(Photo: China Plus)
SAN FRANCISCO, Nov. 14 (Xinhua) -- China's huge market and more openness to the outside world offer great opportunities for American businesses in China, a former government official said Thursday.
Seth Stodder, a partner at Holland & Knight LLP, a full-service international law firm based in Florida, told Xinhua after a seminar in Silicon Valley that he is "bullish" about the significant prospect of China becoming more open and market-oriented for US firms eying the world's second largest economy.
"China is going in the right direction in terms of opening up foreign investment and sort of allowing for greater freedom in investment," said Stodder, who served in former US President Barack Obama's administration as assistant secretary of Homeland Security for Border, Immigration and Trade Policy.
He was responding to recent efforts by the Chinese government to unveil a better foreign investment law and a shorter negative list that creates greater transparency for foreign investors.
China's national legislature approved the law in March, which will provide stronger protection, transparency and a better business environment for overseas investors after it takes effect on Jan. 1, 2020.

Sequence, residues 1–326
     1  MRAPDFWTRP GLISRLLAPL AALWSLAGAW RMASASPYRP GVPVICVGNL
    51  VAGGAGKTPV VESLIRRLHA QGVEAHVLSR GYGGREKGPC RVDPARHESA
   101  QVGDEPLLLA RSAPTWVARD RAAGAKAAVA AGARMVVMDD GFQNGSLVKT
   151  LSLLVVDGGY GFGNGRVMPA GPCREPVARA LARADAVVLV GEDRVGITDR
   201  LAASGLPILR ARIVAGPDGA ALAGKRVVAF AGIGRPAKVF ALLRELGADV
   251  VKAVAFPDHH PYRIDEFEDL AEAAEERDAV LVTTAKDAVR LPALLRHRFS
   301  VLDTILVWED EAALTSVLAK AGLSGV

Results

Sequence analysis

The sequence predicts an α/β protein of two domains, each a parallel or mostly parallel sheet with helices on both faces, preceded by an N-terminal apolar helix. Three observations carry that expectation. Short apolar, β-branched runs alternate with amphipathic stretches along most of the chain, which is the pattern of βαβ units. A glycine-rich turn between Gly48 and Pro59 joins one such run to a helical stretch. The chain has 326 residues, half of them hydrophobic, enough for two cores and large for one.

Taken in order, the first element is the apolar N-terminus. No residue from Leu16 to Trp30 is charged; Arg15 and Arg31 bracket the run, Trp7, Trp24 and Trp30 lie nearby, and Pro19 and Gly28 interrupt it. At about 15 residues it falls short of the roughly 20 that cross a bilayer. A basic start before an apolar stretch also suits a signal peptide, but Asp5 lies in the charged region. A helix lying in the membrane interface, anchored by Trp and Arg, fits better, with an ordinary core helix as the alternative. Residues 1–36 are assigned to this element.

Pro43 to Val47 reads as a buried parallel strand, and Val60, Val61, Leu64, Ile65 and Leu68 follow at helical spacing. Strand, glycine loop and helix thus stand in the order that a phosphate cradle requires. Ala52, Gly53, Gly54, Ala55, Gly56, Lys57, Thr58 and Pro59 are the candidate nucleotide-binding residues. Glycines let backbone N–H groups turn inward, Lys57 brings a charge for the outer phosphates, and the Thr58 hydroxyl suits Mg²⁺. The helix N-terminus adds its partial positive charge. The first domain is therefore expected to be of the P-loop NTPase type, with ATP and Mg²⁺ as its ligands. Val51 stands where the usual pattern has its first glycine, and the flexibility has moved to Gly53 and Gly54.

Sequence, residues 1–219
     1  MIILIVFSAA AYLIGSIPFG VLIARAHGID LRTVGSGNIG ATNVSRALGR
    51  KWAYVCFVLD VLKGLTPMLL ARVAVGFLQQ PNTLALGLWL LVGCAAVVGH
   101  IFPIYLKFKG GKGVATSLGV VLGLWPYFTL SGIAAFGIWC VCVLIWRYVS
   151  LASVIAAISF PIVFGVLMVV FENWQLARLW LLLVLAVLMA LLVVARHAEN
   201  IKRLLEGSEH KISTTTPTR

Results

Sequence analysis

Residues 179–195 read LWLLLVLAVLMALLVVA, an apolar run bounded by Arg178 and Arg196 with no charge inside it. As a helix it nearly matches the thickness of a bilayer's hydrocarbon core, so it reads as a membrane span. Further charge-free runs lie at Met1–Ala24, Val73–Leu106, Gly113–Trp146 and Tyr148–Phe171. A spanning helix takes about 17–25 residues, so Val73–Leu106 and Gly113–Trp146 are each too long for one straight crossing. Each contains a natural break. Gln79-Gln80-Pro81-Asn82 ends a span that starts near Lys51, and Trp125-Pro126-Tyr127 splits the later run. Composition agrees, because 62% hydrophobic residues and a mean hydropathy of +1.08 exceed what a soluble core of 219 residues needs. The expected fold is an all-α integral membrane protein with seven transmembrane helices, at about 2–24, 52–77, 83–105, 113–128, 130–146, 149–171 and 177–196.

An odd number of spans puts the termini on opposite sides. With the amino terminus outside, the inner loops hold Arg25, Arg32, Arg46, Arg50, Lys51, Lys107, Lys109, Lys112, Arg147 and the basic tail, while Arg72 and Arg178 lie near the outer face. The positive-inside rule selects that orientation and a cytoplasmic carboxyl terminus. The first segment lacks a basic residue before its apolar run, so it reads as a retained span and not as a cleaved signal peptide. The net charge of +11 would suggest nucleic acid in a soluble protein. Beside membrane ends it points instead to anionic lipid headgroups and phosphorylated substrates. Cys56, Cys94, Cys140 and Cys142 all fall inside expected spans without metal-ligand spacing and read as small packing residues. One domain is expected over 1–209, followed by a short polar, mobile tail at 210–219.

Jeffrey Seul, also a partner at Holland & Knight LLP, echoed Seth's views, saying there are "too much" economic potential and opportunity for trade between China and the Untied States, despite their differences over tariffs yet to be resolved.
He said he believed China and the United States would work out their trade disputes in the long run. "We're going to find a new normal."
Seul admitted that he was amazed to find "how open China is becoming that sounds like the US used to be," after he heard from a presentation by a CEO from a top Chinese law firm about the latest trends in the Chinese financial and investment market, where China has become more welcoming to foreign investors than ever before.
"We cannot survive without more openness, you know, it will be bad for us in the long run for there to be too much closing. It's unsustainable," he said.
Seul noted he has seen more American capital going to China, because it's such a growing big economy.
"As China opens, lots of our capital is going into China. It hasn't been so easy to invest in China before," he added.
Both Stodder and Seul, together with Joyce Li from China's Han Kun Law Offices in Beijing, gave presentations on cross-border trade and risks, as well as investment to investors and law practitioners from the Bay Area at the seminar held in Silicon Valley.
They offered suggestions for the audience on how to handle the fast-changing regulatory and business landscapes in both the United States and China.